From small grains of sand and dirt to leaves and limbs after a storm, many parts can clog up the system.
If these contaminants build up on the system’s evaporator coil, you’ll feel the difference inside your home.
The more covered the coil becomes, the harder your system has to work to deliver the expected output.
This can cause it to strain so much that it eventually conks out.
Remember to hire an HVAC technician to inspect your outdoor unit regularly to make sure this doesn’t happen.
Most companies will provide regular system tune-ups that allow them to clean off your unit and look for problems that could lead to poor efficiency.
4. Low Refrigerant Levels
Within your heat pump, refrigerant helps move hot air from one set of coils to another.
You need an adequate amount of it to optimize your system’s performance.
If you notice that your indoor air isn’t as warm as it should be, low refrigerant could be to blame.
An HVAC technician can confirm if this is the case and add more refrigerant if necessary.
5. Dirty or Old Air Filters
When was the last time you changed the air filters throughout your home?
Did you know that 82% of Americans fail to perform this simple step once a month?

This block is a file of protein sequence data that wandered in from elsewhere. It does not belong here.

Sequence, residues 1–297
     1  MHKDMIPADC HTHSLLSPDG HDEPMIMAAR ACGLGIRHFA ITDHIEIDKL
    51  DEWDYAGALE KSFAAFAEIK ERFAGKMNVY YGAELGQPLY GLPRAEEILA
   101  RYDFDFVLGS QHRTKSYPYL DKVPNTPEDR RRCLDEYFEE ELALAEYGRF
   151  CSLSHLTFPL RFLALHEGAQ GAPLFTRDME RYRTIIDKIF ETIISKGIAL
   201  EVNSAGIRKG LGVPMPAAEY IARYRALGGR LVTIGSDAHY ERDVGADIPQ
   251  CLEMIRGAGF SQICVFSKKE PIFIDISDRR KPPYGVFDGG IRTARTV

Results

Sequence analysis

If your heat pump isn’t working like you think it should then take a look at your filters.
If it’s been a while since you swapped yours out, they might be covered in dirt, dust, and debris.
A clogged air filter is one of the most common problems behind many HVAC malfunctions.
If even one becomes too gunky, it can derail your entire system.
Before it gives out for good, the heat pump might switch from hot to cold air, giving you a warning sign that a full breakdown is on the way.
6. Valve Issue
Your heat pump is comprised of many different parts.
One of those is the reversing valve.
While this piece might be small, it has a very important job: switching the pump from cool to heat mode.
If there’s any kind of issue with this valve, your HVAC system could remain stuck in cooling mode.
While it might seem like something you can check and replace on your own, we always recommend hiring a qualified and experienced technician to perform this job.
Keep Your Heat Pump Up and Running
Even in Phoenix’s relatively pleasant winters, where temperatures rarely dip below freezing, you deserve to stay warm and cozy inside your home.
If you discover your heat pump blowing cold air, it’s time to schedule a maintenance visit with our team!
There are a range of issues that could cause this problem, from low refrigerant levels to dirty air filters and incorrect thermostat settings.
At Mark Daniels Air Conditioning and Heating, we’re here to keep you comfortable all year long.
From new HVAC installations to emergency repairs and replacements, we do it all.
Complete our online form to request a service now!
Considering Sun Lakes HVAC company for your indoor air needs? Our team at Mark Daniels Air Conditioning & Heating offers expert maintenance and tailored insight to your HVAC needs. Call (480) 571-7219 or request service online now!